Clinton Greene
St. Louis, Missouri

The July/August issue listed some efficient gasoline-powered vehicles in "Are You Ready to Drive Green Today?" But you failed to mention the Toyota Corolla CE with standard transmission, which in 2001 was rated at 41 mpg highway and 32 mpg city and meets emission-control standards in all 50 states.
Donald Ralston
Grand Junction, Colorado

Seven thousand miles into my ownership, I continue to view my Honda Civic hybrid as an engineering marvel. I get a consistent 49 miles per gallon. I am aware of no compromises regarding acceleration and roominess. I feel like a mobile Grand Coulee Dam, generating electricity as I drive about the countryside. At red lights the engine shuts down and goes mute, picking right up when I lift my foot off the brake. I wonder daily where the heck Detroit was while the Japanese were engaged in the creative development of this machine.
Leaf Schumann
Deming, Washington

Editor’s note: For a list of cars that get a miles-per-gallon EPA rating of greater than 30, go to (But those numbers may be high; see Lay of the Land.)

In the July/August "Lay of the Land," we misnamed the plant that is a staple in the Colombian diet: It is yuca or manioc, not "yucca." The same article should have stated that an herbicide containing glyphosate is being used in concentrations 15 times higher than allowed in Colombia, not the United States. "The First Hydrogen Nation" should have noted that liquid hydrogen must be kept at minus 252 degrees Celsius, not Fahrenheit. "Are You Ready to Drive Green Today" suggested that refueling the first hydrogen cars would be difficult because we do not yet have hydrogen fuel stations. In fact, the first models will most likely make their own hydrogen from gasoline.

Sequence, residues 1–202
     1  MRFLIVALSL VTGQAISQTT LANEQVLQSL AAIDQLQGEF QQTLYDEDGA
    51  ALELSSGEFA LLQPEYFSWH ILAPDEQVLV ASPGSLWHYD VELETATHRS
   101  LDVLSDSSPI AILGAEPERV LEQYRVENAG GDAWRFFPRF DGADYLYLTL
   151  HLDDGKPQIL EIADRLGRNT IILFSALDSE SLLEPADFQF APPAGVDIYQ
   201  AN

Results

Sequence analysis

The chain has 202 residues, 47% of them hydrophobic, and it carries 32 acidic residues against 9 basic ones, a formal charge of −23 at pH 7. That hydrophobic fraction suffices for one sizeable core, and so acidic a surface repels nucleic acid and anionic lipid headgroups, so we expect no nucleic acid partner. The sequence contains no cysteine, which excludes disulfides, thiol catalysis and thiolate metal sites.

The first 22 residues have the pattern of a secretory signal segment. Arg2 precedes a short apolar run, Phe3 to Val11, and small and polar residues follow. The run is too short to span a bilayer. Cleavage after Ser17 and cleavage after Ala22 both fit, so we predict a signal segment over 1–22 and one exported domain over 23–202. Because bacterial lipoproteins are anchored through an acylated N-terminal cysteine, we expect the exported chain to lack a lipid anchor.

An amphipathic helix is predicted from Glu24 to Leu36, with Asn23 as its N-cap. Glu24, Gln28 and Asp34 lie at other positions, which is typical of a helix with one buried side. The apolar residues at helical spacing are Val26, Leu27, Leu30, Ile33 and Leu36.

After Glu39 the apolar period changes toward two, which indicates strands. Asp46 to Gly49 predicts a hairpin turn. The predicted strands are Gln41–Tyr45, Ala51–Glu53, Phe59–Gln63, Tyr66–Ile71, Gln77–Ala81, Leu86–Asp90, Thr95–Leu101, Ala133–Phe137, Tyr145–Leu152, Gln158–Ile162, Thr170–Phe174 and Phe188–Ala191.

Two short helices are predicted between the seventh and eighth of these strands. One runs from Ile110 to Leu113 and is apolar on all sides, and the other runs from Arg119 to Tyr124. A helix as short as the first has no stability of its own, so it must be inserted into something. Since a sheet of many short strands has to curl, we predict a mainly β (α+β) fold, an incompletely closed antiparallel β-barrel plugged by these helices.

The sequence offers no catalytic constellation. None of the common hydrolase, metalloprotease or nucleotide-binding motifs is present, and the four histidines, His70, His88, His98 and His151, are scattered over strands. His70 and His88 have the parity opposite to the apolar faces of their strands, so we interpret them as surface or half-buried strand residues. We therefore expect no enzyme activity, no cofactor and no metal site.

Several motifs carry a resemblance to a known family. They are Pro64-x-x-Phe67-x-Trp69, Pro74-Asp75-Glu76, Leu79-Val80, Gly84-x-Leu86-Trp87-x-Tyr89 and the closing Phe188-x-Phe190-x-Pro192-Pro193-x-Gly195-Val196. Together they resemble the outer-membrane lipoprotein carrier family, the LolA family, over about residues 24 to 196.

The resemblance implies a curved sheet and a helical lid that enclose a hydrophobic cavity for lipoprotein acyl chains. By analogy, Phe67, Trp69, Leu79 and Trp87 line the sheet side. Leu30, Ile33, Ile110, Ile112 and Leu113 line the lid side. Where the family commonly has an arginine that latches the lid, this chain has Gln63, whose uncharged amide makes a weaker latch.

Sierra welcomes letters from readers in response to recently published articles. Letters may be edited for length and clarity. Write to us at 85 Second St., 2nd Floor, San Francisco, CA 94105-3441; fax (415) 977-5794; e-mail

This issue we highlight the work of Chuck Neal of Cody, Wyoming, who has spent 16 years transforming his backyard into a wildlife sanctuary. Neal’s notion isn’t going to save the world—by itself. But good ideas like his can add up to something big when they are shared with Sierra’s 1.3 million readers.

Neal’s effort appears in "One Small Step," a new section that debuts in this issue. If you know someone who deserves similar recognition, we want to hear about it. Perhaps you admire something he or she built, bought, or didn’t buy. Maybe it’s an environmentally friendly way of cooking, cleaning, gardening, or raising kids. Maybe it’s a constructive way of raising Cain in the community. Send a snapshot and a one-page description of the person and the project to "One Small Step," c/o Sierra Writer/Editor Marilyn Berlin Snell, 85 Second St., 2nd Floor, San Francisco, CA 94105. Please include the person’s phone number and/or e-mail address. Don’t be shy: Feel free to pass along news of your own good work, too.

We won’t be able to return your submission, so please don’t send valuable photos. We do promise to enthusiastically consider what you have to say.
—Joan Hamilton